GV also has a lot of neat features, particularly related to voicemail. You can have different greetings for different callers or groups of callers based on your Google Contacts. You can listen to voicemail on the Google Voice webpage. Voicemail is transcribed into text, both when you receive it on your phone (at least for the iPhone), and when you check it on the web. You can forward voicemail recordings to email, or even embed them on websites. GV can record phone call conversations, and listen to a voicemail message as it is being recorded. If you decide to take the call, you can do that too (provided the caller doesn’t hang up of course). Here is the list of things GV can do with links to short videos on how they work.

The one last thing that impressed me, and really sold me on Google Voice, is the international rates. This alone is a good reason to have Google Voice. I occasionally have the need to call Australia, which is only $0.03 a minute. Compare that to my cell phone provider’s international rate, which is $3.50 per minute for the same phone call. I just couldn’t pass that up.

Unfortunately, Google Voice is only available in the USA. There are plans to add it in other countries though. I highly advise folks to go to the GV website and apply for an invitation. If you have a Google or Gmail account, use that if you can. I don’t know if it makes a difference, but I signed up using my Gmail account which I have had for a few years now, and got my invitation instantly. Good luck!

iPhone with Exchange and Google Calendar

I finally broke down and got myself an iPhone. I must say that my initial reaction to the phone was partial excitement, and partial disappointment. You see, I’ve never owned a Smart Phone before. I had high expectations for these devices. I knew there were limitations, such as only being able to run one app at a time on iPhones, and no Flash Player. However, I was still willing to give this device a try.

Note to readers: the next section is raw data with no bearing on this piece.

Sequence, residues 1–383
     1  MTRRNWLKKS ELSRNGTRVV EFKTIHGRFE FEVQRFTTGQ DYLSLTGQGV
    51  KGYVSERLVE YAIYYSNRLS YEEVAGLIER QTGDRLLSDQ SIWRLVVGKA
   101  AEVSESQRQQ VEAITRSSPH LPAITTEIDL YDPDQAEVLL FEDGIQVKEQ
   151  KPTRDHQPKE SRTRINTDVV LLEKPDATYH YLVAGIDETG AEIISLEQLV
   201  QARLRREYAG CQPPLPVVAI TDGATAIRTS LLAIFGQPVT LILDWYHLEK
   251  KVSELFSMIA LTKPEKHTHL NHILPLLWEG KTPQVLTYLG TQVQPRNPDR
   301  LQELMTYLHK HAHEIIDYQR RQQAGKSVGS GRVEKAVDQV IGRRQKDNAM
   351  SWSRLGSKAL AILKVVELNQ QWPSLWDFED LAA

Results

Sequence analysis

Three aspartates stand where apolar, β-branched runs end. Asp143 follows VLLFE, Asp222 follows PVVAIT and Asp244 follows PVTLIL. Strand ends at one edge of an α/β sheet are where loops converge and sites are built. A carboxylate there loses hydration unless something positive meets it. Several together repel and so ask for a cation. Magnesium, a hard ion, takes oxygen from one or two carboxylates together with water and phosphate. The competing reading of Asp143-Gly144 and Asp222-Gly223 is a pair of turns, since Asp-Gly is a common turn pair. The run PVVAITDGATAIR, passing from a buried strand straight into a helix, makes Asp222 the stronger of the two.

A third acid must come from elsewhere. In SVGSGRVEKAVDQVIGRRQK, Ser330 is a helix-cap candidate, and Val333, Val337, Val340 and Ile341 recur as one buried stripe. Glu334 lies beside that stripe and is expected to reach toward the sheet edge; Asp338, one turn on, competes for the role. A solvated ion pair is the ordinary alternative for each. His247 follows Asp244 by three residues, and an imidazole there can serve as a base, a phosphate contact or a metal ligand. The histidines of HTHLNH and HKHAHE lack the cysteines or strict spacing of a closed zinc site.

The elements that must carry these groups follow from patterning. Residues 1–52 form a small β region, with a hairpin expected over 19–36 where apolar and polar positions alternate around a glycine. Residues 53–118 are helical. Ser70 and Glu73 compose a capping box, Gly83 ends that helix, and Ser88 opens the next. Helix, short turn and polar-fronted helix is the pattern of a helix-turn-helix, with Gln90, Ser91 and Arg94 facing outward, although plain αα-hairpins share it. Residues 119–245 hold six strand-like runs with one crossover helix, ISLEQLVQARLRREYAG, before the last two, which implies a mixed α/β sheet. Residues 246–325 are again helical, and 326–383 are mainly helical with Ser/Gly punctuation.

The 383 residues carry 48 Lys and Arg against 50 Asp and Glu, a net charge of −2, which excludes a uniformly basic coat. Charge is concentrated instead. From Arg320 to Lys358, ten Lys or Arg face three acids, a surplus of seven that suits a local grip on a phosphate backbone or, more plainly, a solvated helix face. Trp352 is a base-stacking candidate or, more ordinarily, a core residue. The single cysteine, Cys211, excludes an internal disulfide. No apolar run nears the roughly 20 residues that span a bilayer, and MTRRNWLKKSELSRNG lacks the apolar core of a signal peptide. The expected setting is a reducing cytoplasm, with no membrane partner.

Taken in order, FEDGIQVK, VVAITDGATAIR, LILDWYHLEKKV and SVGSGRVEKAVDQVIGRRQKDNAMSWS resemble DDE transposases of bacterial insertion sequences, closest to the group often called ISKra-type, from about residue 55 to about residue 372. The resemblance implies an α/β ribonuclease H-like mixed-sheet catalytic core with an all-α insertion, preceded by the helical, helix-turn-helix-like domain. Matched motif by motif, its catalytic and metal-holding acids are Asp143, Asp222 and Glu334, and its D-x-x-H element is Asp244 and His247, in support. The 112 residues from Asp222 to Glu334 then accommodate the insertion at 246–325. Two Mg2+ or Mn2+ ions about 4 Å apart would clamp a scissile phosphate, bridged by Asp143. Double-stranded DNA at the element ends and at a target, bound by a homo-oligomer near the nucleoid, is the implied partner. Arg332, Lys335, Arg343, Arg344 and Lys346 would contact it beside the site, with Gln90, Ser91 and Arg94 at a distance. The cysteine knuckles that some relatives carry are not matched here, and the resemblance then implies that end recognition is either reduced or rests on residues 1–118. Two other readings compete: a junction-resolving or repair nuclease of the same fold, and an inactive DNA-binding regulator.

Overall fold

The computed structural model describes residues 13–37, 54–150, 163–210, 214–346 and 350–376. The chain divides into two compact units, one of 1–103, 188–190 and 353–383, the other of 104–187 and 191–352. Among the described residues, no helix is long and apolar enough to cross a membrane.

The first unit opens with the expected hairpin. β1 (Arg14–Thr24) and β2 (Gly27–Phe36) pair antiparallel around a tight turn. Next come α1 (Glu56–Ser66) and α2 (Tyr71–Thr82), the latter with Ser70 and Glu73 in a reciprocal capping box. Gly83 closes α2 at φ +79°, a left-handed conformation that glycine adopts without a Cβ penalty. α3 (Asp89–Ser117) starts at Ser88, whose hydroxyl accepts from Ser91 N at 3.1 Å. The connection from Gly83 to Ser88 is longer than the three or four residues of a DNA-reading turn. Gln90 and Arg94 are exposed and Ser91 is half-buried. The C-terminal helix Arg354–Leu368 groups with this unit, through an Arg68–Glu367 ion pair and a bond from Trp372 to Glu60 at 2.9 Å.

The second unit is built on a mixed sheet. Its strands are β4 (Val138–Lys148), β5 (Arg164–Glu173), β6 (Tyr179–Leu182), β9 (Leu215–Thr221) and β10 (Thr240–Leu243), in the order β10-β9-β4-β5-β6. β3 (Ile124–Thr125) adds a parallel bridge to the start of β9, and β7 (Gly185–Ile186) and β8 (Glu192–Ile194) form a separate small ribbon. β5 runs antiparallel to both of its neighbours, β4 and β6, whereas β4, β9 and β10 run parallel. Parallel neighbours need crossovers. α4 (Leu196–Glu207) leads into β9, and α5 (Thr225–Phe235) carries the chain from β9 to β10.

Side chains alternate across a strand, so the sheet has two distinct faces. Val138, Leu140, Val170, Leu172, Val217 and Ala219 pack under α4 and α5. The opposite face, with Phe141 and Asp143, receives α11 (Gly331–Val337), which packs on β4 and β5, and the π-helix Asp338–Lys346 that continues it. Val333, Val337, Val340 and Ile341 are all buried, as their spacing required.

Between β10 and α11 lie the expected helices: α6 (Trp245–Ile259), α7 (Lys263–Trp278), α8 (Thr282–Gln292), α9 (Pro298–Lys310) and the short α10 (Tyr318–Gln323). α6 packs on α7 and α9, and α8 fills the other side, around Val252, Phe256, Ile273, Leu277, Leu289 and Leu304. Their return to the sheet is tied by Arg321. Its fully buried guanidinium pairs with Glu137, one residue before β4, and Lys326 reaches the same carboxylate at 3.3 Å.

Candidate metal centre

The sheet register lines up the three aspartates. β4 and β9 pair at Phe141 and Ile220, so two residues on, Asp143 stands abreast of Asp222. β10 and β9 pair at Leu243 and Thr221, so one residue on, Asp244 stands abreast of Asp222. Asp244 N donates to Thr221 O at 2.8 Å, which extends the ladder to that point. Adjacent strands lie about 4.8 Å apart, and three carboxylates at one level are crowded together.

One of the things that aggravated me was the lack of information on how to set up two separate Calendars on the iPhone. Apparently, the iPhone can only recently do this. I finally found the technical information I was looking for on how the iPhone Calendar/Mail apps actually work on Stephen Foskett’s Blog.

You see, I, like many, use Exchange Server 2008 for work, but I also needed a separate personal Calendar, particularly for reminding me about personal appointments. I had a Google account that would be perfect for this if I could get it to sync onto my iPhone. Google now has an ActiveSync application, which will sync your Google email, Contacts, and Calendar. However, there was one problem. If you read Foskett’s blog, you’ll learn that you can only have one ActiveSync (Exchange) account on your iPhone at a time. Now, the iPhone can easily add multiple Mailboxes without a problem. I added my Gmail account as a new email account on my iPhone, along with my existing Exchange account, and both accounts were kept separate. However, this only added my Google email, and not my Google Calendar.

As of now, I am still left without a solution to this.

Well, there is a solution, but it involves jailbreaking your iPhone using “redsn0w” for 3G and 3GS iPhones. After this is accomplished, an application called NemusSync can be installed using Cydia that will create a second, separate Calendar on your iPhone. You then launch the NemusSync app, and manually sync your Google Calendar. Too bad this isn’t built into the iPhone!